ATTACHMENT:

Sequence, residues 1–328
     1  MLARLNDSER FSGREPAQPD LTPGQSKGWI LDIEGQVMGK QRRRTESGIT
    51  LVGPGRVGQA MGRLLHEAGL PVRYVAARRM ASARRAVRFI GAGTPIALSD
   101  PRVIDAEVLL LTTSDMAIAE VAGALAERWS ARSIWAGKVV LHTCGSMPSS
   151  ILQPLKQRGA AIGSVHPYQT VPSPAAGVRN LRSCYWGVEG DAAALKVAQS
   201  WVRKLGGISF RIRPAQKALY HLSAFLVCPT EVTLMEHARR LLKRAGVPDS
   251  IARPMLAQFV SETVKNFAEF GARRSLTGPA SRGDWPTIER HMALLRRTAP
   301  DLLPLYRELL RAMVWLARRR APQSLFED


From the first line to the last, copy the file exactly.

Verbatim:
Sequence, residues 1–328
     1  MLARLNDSER FSGREPAQPD LTPGQSKGWI LDIEGQVMGK QRRRTESGIT
    51  LVGPGRVGQA MGRLLHEAGL PVRYVAARRM ASARRAVRFI GAGTPIALSD
   101  PRVIDAEVLL LTTSDMAIAE VAGALAERWS ARSIWAGKVV LHTCGSMPSS
   151  ILQPLKQRGA AIGSVHPYQT VPSPAAGVRN LRSCYWGVEG DAAALKVAQS
   201  WVRKLGGISF RIRPAQKALY HLSAFLVCPT EVTLMEHARR LLKRAGVPDS
   251  IARPMLAQFV SETVKNFAEF GARRSLTGPA SRGDWPTIER HMALLRRTAP
   301  DLLPLYRELL RAMVWLARRR APQSLFED